Analysis: China renews overseas push

CHINA: The most capacity was installed in 2014 after a difficult 2013. The country's developers also seem to have resumed plans to push beyond home borders.

In Pakistan, Goldwind completed the installation of 33 GW77/1500 turbines for the Three Gorges First (TGF) projecct. The 49.5MW TGF wind farm, located in southern Pakistan, was developed by the China Three Gorges Corporation, via a subsidiary company it set up in Pakistan.

Goldwind has been contracted to supply turbines and maintain the facility for two years. The Goldwind 1.5MW machine is modified to suit the high temperature climate conditions.

The TGF wind project is the first developed by a Chinese company in Pakistan. Construction work took 18 months. It required an investment of $130 million.

In terms of international development, Goldwind has been the most prolific Chinese manufacturer. In has installed projects in Latin America, the US, Thailand and Ethiopia.

Dongfang in Europe

In Europe, Dongfang has shipped four 2.5MW turbines to the port of Skelleftea, Sweden, to be installed at the Blaiken wind farm in the north of the country.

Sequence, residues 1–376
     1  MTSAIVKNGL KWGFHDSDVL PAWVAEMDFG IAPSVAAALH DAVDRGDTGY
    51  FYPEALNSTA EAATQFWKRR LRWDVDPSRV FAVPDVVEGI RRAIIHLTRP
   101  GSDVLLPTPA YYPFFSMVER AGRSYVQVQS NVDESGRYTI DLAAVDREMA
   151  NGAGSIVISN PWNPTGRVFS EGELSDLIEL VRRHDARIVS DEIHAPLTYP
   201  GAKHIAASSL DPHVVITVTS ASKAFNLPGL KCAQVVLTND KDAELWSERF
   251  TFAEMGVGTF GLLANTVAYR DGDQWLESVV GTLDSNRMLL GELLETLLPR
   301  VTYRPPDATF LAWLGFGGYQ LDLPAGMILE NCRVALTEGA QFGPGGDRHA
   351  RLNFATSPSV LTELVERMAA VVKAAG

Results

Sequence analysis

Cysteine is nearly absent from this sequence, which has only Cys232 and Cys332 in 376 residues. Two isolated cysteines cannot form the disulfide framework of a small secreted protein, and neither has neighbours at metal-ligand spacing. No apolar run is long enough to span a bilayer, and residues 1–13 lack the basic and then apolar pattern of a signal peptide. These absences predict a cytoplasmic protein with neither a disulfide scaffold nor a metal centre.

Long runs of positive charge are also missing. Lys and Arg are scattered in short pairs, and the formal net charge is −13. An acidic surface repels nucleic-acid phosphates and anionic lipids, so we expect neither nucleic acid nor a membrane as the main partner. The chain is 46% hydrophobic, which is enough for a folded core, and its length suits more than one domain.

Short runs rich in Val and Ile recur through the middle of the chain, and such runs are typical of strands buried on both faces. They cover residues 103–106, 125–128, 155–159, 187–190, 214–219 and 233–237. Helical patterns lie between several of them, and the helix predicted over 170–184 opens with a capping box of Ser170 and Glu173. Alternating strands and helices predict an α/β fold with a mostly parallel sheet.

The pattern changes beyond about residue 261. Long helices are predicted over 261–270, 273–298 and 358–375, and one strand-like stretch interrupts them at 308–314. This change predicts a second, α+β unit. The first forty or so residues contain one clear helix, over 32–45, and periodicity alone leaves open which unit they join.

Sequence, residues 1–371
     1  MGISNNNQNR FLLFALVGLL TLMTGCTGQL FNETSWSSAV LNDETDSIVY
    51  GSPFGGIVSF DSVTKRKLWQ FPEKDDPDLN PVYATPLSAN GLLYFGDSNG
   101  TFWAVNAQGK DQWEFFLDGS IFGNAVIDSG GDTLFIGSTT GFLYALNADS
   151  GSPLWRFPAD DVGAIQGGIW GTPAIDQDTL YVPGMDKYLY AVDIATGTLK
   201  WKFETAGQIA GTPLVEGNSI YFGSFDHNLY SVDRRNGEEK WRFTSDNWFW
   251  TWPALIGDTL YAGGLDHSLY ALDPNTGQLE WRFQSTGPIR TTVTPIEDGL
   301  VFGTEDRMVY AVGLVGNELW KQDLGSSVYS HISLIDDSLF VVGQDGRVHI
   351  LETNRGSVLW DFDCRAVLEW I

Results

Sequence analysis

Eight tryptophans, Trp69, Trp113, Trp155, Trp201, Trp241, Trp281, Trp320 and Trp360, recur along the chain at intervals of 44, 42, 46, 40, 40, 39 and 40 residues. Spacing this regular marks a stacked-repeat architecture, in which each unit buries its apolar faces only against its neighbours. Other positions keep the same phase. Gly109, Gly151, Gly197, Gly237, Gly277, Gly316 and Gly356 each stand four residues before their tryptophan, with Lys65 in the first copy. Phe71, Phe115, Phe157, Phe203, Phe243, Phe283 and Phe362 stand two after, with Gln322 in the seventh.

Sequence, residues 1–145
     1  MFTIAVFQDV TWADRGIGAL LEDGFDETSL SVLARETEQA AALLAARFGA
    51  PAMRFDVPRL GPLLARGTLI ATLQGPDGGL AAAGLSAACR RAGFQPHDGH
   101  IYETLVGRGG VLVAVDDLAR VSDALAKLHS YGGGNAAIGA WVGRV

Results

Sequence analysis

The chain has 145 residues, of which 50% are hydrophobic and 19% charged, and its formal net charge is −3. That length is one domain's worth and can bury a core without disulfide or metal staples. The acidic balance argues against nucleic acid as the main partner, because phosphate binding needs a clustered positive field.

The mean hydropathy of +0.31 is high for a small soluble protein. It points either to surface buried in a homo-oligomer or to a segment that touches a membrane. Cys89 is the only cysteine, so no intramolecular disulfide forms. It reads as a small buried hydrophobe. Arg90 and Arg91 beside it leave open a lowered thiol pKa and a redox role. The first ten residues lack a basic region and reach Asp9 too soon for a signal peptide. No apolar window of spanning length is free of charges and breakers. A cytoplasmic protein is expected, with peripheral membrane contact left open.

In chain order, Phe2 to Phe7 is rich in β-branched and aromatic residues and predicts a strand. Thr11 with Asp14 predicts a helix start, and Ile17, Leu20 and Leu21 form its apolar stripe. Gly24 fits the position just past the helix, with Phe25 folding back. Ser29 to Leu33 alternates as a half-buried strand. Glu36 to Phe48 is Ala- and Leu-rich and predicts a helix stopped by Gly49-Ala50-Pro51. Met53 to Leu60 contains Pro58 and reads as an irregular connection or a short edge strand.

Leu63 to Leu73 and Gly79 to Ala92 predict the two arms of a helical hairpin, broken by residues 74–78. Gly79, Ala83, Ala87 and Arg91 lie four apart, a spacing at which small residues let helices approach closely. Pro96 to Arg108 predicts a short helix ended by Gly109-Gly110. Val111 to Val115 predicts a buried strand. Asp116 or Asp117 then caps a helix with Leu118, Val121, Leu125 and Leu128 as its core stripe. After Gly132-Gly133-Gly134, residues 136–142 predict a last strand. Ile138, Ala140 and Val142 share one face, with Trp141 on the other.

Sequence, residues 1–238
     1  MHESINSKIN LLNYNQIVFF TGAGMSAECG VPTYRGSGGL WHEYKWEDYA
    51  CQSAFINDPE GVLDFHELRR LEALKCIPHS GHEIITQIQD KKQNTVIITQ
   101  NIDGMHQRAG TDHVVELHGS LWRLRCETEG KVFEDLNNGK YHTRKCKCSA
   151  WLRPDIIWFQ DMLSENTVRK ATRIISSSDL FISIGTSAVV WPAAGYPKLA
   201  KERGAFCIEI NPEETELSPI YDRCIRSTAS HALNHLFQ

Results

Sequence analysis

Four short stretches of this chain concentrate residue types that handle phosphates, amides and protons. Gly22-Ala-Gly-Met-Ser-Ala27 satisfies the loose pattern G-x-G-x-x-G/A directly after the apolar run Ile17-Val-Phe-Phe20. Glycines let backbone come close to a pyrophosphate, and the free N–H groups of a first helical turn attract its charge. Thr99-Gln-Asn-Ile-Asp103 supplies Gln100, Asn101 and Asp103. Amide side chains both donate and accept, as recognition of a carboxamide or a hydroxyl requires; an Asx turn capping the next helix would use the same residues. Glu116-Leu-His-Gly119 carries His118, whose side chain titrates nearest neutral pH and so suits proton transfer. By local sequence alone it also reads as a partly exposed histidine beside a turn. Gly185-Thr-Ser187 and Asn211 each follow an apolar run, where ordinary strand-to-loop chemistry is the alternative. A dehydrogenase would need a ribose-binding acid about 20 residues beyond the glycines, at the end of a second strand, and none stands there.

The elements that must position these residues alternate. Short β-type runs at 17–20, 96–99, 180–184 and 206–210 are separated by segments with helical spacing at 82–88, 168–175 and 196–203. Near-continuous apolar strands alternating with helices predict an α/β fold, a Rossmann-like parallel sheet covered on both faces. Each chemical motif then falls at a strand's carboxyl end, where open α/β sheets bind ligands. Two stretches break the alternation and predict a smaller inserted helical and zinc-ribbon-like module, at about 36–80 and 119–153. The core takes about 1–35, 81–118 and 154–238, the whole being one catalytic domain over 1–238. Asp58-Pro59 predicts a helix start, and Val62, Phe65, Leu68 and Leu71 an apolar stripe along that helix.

The Blaiken phase 3 project plans to use 30 2.5MW permanent-magnet direct drive turbines manufactured by Dongfang in Hangzhou, east China.

Dongfang is required to install and test-run the first machines. The remaining machines will be delivered later this year.


Separately, Longyuan Power has received financing from Nedbank and IDC for two projects in South Africa with a combined capacity of 244MW.

Longyuan won the De Aar phase 1 and 2 projects (100MW and 144MW respectively) in a tender in October 2013. Despite being one of the world's largest developers, this is only the second time Longyuan has developed a project outside of China. The other is the 100MW Dufferin project in Canada.

An engineering management firm Longyuan set up in South Africa is in charge of the projects as an EPC general contractor. The projects (100MW and 144MW respectively) will use 1.5MW turbines provided by Guodian United Power.

The projects will be located in Northern Cape province and are being jointly developed by Longyuan, South Africa's Mulilo Renewable Energy and a local community company.

Construction work is expected to begin in the second half of this year.

Longyuan Power and United Power are both affiliated with China Guodian Group, the fourth largest state-owned utility company in China.

Guodian has a number of subsidiaries engaged in renewable power development. By the end of 2014 Guodian's installed wind capacity totalled around 20GW, of which about 15.7GW is credited to Longyuan.

Statistics released by the China Wind Energy Association show United Power supplied 2.6GW of wind turbines to domestic developers in 2014, representing a market share of 11.14%.

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